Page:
We are proud that 90% of our cotton comes from well managed cotton producing farms that are registered to the Better Cotton Initiative. They are assessed twice a year to strict standards.
The six key principles for production of Better Cotton are:
- Crop Protection
- Better cotton is produced by farmers who minimise harmful practices.
- Crop Protection practices are carried out through a few simple principles.
- ♦ Growing of healthy crops.
- ♦ The prevention of build-up of pests and stopping the spread of disease to the crop. This includes good crop preparation and rotation to break the cycle of disease and pests.
- ♦ Enhancement of beneficial organisms.
- ♦ Regular field observation of the crops health, keys pests and the beneficial organisms.
- Fair employment
- Better cotton is produced by farmers who promote and work to fair employment.
- There is no child labour in accordance with ILO convention 138- International Labour convention. With this in place, farmers agree to a basic minimum age for employment of 15.
- Employment is freely chosen. There is no forced or compulsory labour, including bonded or trafficked labour.
- Only licenced water from approved sources can be used. Efficient water management helps maximise productivity, and minimises cottons environmental impact.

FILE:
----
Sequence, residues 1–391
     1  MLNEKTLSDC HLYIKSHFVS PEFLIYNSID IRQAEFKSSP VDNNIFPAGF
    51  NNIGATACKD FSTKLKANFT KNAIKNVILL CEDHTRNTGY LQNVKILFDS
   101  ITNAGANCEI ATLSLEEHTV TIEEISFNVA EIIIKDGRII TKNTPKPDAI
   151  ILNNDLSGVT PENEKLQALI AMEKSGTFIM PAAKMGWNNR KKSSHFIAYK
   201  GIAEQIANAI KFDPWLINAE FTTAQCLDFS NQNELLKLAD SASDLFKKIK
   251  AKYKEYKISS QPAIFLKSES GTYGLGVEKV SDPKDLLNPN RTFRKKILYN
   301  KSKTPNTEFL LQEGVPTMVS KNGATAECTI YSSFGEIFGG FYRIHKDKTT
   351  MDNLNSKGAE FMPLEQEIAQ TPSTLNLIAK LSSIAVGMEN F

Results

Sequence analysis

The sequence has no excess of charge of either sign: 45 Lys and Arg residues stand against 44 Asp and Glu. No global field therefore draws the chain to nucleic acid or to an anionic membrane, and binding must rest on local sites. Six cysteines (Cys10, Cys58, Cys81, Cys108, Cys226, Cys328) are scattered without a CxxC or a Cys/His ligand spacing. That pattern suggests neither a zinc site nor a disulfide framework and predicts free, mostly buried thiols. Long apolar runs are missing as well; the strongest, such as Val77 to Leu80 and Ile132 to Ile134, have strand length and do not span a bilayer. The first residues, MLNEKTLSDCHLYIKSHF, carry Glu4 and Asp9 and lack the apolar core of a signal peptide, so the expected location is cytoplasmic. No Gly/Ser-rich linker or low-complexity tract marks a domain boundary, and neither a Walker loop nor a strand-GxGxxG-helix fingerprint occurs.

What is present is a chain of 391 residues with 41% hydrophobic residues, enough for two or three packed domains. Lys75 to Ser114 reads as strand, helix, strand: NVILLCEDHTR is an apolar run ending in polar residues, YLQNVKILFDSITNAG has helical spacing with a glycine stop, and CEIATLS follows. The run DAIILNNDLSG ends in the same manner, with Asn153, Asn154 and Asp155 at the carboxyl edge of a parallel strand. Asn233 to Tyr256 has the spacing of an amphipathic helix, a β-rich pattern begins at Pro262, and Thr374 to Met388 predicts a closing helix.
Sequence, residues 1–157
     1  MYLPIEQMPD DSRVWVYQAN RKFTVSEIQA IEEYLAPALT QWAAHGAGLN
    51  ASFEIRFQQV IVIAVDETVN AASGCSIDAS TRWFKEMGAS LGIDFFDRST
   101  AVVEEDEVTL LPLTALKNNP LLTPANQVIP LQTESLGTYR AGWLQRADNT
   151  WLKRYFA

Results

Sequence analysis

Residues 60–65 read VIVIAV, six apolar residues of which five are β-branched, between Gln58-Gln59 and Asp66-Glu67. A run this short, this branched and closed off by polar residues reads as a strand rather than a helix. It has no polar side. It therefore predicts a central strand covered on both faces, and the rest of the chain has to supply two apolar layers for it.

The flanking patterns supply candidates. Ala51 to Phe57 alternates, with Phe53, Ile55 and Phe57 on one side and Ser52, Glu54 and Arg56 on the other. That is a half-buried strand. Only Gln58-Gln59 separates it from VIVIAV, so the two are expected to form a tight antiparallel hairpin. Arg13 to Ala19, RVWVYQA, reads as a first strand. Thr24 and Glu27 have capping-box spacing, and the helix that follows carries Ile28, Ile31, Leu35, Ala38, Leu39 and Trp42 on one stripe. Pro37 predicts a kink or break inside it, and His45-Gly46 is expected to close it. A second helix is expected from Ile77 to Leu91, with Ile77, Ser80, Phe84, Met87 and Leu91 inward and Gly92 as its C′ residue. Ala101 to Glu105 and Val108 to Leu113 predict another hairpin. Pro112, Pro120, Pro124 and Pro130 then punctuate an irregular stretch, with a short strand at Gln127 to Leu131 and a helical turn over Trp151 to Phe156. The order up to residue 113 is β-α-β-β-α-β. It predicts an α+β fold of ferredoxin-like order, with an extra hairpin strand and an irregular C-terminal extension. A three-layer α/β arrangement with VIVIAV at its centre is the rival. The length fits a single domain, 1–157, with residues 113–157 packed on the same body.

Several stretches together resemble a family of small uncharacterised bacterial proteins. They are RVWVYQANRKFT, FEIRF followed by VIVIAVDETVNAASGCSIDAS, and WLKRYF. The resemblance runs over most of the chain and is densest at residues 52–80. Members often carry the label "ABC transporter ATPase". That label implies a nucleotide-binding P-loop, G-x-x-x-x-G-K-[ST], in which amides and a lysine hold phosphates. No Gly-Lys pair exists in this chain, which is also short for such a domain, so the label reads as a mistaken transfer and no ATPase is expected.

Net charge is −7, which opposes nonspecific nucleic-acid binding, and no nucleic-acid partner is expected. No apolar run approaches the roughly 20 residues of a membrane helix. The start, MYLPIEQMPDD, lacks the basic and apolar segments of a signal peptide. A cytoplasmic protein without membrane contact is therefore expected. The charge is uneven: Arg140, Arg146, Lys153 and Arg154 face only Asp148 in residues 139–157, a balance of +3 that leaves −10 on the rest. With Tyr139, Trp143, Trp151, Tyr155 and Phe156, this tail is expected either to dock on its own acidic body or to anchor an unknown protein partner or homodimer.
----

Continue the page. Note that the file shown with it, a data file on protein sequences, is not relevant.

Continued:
- Natural habitats are conserved by farmers by preserving these natural habitats, they can create refuges for beneficial insects, as well as acting a trap for crop pests.
- Crop Rotation
- Soil is cared for and maintained through thoughtful crop rotation.Crop rotation is an important means of improving and maintaining soil health. It breaks disease cycles, while biologically ripening the soil.
- Quality of Fibre
- Quality of fibre is improved by:
- ♦ Correct planting dates- taking into consideration the pest pressures and seasonal conditions.
- ♦ Row spacing- they are appropriate for the variety, soil type and seasonal conditions.
- ♦ Disease management- disease can stunt growth and lead to reduced cotton fibre quality.
- ♦ Weed management- Weeds in the cotton crop may lead to contamination of the seed cotton and lint.
- ♦ Insect management- Damages to the bolls needs to be controlled as late season insects can affect the cottons resulting in sticky fibres.
By adhering to these principles, better cotton farmers produce cotton in a way that is not only measurably better for the environment and farming communities, but also produces a better-quality cotton.